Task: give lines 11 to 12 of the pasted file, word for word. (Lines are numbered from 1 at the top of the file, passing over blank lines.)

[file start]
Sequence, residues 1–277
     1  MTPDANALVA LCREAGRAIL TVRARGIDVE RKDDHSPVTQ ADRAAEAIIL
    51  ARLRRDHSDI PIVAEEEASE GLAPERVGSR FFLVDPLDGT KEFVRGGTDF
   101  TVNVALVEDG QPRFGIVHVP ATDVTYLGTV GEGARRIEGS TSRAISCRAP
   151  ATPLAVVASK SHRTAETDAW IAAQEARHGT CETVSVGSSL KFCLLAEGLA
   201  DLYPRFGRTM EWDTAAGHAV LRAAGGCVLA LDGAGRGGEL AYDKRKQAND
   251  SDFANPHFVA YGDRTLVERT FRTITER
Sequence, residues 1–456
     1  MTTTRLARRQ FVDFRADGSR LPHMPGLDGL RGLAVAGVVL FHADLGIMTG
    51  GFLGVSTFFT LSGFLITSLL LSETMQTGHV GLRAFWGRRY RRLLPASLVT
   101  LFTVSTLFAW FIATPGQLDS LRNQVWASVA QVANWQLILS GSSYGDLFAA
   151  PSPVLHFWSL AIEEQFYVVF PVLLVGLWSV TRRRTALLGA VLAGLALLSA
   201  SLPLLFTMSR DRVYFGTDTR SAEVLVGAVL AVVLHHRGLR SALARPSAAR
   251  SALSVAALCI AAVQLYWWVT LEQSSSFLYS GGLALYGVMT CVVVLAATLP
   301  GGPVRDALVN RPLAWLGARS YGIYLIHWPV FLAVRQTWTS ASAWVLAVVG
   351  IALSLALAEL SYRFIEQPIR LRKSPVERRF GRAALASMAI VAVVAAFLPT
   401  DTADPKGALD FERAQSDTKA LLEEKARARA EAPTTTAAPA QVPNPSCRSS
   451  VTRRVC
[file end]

   101  LFTVSTLFAW FIATPGQLDS LRNQVWASVA QVANWQLILS GSSYGDLFAA
   151  PSPVLHFWSL AIEEQFYVVF PVLLVGLWSV TRRRTALLGA VLAGLALLSA